Department Of Anatomy, Northwestern University Medical School, Chicago

Eight Text Figures And Two Plates (Eleven Figures)

Contribution no. 191 from the Anatomical Laboratory of Northwestern University Medical School. This study constitutes a subsidiary phase of an investigation conducted under the auspiccs of the American Otological Society. Paper read at the New York City meetings of the American Association of Anatomists, February, 1932; abstract, Anatomical Record, vol. 52, no. 1,pp. 2-3, February 25, 1932.

Perhaps no single feature of mammalian organogenesis is better known or more frequently observed in laboratory courses in embryology than the early development of the membranous labyrinth ; detailed accounts are available descriptive of the stages through which the organ passes to assume the form, successively, of placodal thickening, invaginated pit, detached sac, and bilobed vesicle with diverticular processes. The exact manner, however, in which the auditory vesicle first becomes a separate structure is not well understood. It is with this phase in the development of the human ear that the present study is specially concerned.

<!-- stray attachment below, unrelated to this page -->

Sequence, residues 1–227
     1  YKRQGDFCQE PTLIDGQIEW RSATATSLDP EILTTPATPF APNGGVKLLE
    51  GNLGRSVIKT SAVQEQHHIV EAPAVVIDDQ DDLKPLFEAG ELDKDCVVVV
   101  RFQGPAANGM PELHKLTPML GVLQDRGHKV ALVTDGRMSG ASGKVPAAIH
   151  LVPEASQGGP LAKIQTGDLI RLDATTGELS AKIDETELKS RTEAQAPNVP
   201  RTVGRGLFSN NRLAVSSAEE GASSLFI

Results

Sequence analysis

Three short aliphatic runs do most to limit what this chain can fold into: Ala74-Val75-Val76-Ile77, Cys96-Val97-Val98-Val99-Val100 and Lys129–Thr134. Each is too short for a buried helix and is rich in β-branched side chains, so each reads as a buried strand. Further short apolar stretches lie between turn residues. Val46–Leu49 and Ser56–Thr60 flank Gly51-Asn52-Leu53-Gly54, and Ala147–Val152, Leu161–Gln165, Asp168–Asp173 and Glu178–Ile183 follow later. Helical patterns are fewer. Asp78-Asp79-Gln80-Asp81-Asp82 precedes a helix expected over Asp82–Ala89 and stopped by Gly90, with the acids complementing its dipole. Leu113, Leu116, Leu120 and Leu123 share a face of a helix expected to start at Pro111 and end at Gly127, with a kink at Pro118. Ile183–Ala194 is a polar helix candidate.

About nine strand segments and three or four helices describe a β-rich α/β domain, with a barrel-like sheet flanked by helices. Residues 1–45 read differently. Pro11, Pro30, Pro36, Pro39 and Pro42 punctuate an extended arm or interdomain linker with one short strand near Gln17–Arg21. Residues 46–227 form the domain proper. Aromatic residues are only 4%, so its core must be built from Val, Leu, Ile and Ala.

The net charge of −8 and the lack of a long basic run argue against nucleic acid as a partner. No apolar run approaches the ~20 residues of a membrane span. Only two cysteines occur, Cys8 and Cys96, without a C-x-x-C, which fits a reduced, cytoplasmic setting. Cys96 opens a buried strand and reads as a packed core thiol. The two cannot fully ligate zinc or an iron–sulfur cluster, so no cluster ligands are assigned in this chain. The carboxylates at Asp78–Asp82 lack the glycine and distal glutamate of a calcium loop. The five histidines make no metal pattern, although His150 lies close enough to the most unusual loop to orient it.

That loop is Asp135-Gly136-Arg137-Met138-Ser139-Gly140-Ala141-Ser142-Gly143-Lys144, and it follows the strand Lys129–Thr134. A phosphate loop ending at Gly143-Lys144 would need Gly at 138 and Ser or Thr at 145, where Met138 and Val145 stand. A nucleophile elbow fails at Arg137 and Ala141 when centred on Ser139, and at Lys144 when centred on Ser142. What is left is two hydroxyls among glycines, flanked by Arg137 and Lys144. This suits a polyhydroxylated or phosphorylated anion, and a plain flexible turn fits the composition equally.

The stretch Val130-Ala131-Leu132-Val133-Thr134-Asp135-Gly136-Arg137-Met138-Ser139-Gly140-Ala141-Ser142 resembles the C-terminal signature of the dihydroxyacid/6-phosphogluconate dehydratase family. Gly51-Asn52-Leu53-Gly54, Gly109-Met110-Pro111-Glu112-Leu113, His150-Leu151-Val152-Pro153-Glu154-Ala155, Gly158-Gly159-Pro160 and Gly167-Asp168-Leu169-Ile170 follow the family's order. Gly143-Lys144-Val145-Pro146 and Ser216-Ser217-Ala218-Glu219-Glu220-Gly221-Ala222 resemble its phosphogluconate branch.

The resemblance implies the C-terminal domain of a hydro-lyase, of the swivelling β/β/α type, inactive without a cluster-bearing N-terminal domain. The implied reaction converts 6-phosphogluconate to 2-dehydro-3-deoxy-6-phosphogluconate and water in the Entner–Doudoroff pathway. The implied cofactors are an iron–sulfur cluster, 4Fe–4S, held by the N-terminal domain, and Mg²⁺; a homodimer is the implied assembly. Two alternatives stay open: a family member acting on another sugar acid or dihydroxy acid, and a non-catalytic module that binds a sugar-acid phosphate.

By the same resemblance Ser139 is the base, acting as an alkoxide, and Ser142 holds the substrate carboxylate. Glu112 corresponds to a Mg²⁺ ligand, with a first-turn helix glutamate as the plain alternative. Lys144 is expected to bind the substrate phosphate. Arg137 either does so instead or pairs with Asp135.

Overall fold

Material And Methods

This investigation was carried out principally upon the series of early human embryos in the Harvard Embryological Collection ; additional observations were made upon comparable stagesinthe Department of Embryology of the Carnegie Institution.[1] We were particularly concerned with the stages between 2.4mm. and 12mm., and with only two representative advanced stages, the 29- and the 40-mm. Of the stages from 2.4 to 12 mm., twenty-seven series in the Harvard Collection were studied; of those between 3.0 and 6.6 mm., forty-four series in the Carnegie Collection. The series in the Harvard Collection which best displayed the changing relation of the otocyst to the ectoderm were selected for modeling by the Born wax-plate method; these models, shown in plates 1 and 2, were prepared from the following embryological series: 2.4, 4, 6.3, 8, 12, 29, and 40 mm.